Six Romances, Opus 38 (Tchaikovsky)

The opus Six Romances was composed in 1878 by Pyotr Ilyich Tchaikovsky (1840 – 1893) for voice and piano, and was published as Opus 38 later that year. Of these six songs, "Don Juan's Serenade" was the most successful, becoming one of the best-known works among the approximately 100 romances that Tchaikovsky composed during his lifetime.[1]

Tchaikovsky 1877.jpg

At this point in his life, the composer was rebounding from a personal crisis, having married and quickly separated the year before. Tchaikovsky characterized the creation of this opus as "something between relaxation and work".[2]

List of six songsEdit

Opus 38 consists of the following six songs, with tempo indicated in Italian:

  1. Don Juan's Serenade (Серенада Дон-Жуана), Allegro non tanto (B minor, 164 bars)
  2. It was in the Early Spring (То было раннею весной), Allegro moderato (E♭ major, 101 bars)
  3. Amid the Din of the Ball (Средь шумного бала), Moderato (B minor, 99 bars)
  4. O, If Only You Could (О, если б ты могла), Allegro agitato (D major, 38 bars)
  5. The Love of a Dead Man (Любовь мертвеца), Andante non tanto (F major, 129 bars)
  6. Pimpinella: Florentine Song (Пимпинелла: Флорентинская песня), Allegretto molto moderato (G major, 135 bars)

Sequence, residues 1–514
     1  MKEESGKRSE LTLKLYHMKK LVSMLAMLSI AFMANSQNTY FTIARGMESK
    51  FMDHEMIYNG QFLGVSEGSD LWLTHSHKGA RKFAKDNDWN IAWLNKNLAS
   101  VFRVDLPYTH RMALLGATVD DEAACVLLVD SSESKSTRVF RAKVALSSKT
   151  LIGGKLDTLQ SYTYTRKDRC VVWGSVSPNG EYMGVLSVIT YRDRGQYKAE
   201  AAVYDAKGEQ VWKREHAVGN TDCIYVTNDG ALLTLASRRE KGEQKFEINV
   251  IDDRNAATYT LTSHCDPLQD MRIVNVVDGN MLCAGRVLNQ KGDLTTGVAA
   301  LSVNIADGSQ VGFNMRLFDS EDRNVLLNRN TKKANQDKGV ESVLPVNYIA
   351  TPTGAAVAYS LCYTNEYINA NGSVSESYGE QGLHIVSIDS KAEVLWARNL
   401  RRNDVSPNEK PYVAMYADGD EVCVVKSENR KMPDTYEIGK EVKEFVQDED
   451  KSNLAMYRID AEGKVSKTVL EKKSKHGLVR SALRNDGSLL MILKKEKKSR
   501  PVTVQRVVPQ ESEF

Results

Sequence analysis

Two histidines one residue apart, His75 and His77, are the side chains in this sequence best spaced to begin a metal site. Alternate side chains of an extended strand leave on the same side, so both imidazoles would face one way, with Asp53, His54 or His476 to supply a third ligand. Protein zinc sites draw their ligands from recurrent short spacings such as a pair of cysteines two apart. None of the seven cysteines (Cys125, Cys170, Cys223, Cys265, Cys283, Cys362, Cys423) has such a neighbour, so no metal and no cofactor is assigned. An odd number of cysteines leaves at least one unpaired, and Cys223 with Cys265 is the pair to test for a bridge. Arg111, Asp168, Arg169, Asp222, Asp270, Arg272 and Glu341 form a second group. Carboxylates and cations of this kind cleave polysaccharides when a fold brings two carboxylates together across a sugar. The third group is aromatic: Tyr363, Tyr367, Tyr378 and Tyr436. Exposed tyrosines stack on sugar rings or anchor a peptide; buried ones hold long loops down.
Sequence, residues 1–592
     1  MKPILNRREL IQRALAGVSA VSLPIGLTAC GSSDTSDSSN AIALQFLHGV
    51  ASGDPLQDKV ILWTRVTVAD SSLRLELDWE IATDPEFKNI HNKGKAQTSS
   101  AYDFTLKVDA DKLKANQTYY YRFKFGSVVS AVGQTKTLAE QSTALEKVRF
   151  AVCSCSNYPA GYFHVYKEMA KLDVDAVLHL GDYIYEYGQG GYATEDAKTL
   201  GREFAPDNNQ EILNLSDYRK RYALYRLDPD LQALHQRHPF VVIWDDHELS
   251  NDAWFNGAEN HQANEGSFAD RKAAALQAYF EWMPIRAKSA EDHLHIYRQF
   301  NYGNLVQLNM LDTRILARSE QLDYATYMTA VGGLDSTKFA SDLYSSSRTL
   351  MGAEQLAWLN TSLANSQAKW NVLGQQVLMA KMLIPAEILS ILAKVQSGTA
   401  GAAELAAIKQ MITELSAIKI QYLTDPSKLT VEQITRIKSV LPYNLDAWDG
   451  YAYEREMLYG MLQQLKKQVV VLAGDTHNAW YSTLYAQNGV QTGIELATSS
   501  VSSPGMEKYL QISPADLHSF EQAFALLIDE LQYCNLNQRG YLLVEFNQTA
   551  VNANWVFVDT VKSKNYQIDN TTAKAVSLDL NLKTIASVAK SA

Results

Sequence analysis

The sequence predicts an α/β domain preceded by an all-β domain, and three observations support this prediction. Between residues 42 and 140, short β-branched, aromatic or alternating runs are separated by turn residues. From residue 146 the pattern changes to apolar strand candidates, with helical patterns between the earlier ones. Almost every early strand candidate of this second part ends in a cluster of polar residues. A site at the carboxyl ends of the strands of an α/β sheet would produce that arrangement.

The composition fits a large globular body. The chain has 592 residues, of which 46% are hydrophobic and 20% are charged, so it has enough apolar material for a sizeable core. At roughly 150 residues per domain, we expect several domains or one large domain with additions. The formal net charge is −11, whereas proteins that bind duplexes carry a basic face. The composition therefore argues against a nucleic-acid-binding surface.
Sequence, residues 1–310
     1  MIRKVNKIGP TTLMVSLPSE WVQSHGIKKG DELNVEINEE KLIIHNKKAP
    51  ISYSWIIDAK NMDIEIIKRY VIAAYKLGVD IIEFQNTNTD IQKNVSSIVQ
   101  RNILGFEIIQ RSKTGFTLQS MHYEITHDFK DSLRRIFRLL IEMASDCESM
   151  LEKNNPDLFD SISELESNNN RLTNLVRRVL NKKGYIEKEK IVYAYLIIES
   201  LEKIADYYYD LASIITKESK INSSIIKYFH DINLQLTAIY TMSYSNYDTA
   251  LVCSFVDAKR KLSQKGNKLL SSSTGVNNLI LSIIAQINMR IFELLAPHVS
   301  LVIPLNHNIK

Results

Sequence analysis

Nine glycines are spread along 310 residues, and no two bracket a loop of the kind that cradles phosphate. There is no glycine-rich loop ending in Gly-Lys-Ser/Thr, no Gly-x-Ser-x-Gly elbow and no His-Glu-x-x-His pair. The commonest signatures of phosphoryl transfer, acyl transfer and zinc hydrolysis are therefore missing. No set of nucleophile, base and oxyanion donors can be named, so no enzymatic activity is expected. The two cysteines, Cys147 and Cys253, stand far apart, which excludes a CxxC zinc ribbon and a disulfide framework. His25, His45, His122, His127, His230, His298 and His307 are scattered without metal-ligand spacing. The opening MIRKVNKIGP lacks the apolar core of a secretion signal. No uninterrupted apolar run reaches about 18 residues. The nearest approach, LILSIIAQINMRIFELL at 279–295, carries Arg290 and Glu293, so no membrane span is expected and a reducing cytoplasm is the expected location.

Origin of lyricsEdit

The lyrics of the first four songs are from writings of Aleksey Konstantinovich Tolstoy (1817 – 1875), the Russian poet, novelist and playwright.[3] For example, the first song is based on Tolstoy's 1862 drama Don Juan.

The lyrics for "The Love of a Dead Man" are from Mikhail Lermontov (1814 – 1841), the Russian writer, poet and painter. And, the lyrics for "Pimpinella" are by Tchaikovsky, based upon a Florentine popular song.[3]

Composition and dedicationEdit

The six songs are not in chronological order of composition. He wrote the last two ("The Love of a Dead Man" and "Pimpinella") while visiting Florence in February and March 1878, respectively.[4][5] Later, he wrote the first four songs (based on Tolstoy) in May 1878 while visiting the Ukrainian estate of his benefactor, Nadezhda von Meck (1831 – 1894), who previously suggested he might want to put Tolstoy to music.[5]

The opus was dedicated to Anatoly, one of the composer's brothers, in gratitude for helping Tchaikovsky through a difficult emotional period in 1877. It was during that year when the composer married and separated from Antonina Miliukova (1848 – 1917).[6]


  1. ^ Schweitzer, Vivian. "Russian Romances, Lovelorn Variety", The New York Times (April 5, 2008).
  2. ^ To my best friend: correspondence between Tchaikovsky and Nadezhda von Meck, 1876-1878, pp. 229-233 (Oxford U. Press, 1993).
  3. ^ a b Brown, David. Tchaikovsky: The final years, 1885-1893, p. 501 (W. W. Norton & Company, 1991).
  4. ^ To my best friend: correspondence between Tchaikovsky and Nadezhda von Meck, 1876-1878, pp. 177-179 (Oxford U. Press, 1993).
  5. ^ a b Chaaeikovskiaei, P. and Sylvester, Richard. Tchaikovsky's Complete Songs: A Companion with Texts and Translations, pp. 111, 125 (Indiana University Press, 2004).
  6. ^ Wiley, Roland. Tchaikovsky, p. 197 (Oxford University Press, 2009).

External linksEdit